July 2nd, 2012
SHOW ME THE MONEYOptimize Mobility, Preserve Infrastructure, Strengthen the Economy, by Catherine Higgins.
A new UDOT website lets the public see how tax money is spent to build and improve state roads.
Three years in the making, the new UDOT Projects website provides easy access to information about projects, including location, purpose, status, total budget and funding source. UDOT Deputy Director Carlos Braceras had the original vision to create a site where the public could see project funding and costs in as close to real time as possible – not a small order explains UDOT Projects Project Manager Stan Burns.
Building UDOT Projects meant that databases containing project information needed to be automatically fed into the website. The Utah Department of Technology Services found a way to seamlessly link internal databases,which include hundreds of projects, to UDOT Projects. As project information is added to databases, those additions are automatically uploaded to UDOT Projects.
The website presents information for everyone – from the general public to policy makers.
Tabs representing UDOT’s four strategic goals, including Preserve Infrastructure, Optimize Mobility, Improve Safety and Strengthen the Economy, categorize projects by main purpose. Projects in the design, construction or substantially complete phase are placed on a map so citizens can find projects close to home or along a commuter route. Clicking on a project produces pop ups with links to information about budget, costs and status.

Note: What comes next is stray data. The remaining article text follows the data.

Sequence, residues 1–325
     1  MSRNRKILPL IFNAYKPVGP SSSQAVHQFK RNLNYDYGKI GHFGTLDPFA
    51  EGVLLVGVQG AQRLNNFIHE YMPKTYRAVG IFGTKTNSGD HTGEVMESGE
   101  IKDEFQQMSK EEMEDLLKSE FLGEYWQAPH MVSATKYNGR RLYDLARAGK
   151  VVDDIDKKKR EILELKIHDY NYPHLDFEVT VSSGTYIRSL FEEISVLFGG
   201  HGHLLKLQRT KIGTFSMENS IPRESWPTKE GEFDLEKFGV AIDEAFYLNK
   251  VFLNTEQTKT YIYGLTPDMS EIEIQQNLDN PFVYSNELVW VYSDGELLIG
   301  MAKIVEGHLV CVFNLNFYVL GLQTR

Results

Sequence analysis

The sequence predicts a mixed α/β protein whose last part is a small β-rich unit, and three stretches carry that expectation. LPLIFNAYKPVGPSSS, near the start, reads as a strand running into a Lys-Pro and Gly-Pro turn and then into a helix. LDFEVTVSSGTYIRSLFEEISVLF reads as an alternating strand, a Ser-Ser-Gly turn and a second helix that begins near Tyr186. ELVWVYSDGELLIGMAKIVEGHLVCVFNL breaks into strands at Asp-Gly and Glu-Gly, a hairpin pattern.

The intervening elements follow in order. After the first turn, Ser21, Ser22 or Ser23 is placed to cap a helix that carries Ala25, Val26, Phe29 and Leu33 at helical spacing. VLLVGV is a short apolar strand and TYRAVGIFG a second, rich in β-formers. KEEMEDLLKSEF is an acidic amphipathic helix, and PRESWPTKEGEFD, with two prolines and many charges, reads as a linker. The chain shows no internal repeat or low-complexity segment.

Another tab labeled Information Warehouse lists nearly all UDOT projects designed and built during the last 5 years along with future STIP projects. UDOT projects are primarily funded by the Utah Legislature and gas tax revenues which are directed into four funds, and the Information Warehouse Tab gives the status of each fund. On the Project Map tab, an Interactive Project Report tool for queries and analysis lets users sort, view, print and export data.
Altogether, the map, query tool, budget and funding information provide a lot of utility for the public and those who work with UDOT. End users can easily find and display what ever information is desired. “If you want to know how much we’ve spent on pavement preservation, you can see that,” says Burns.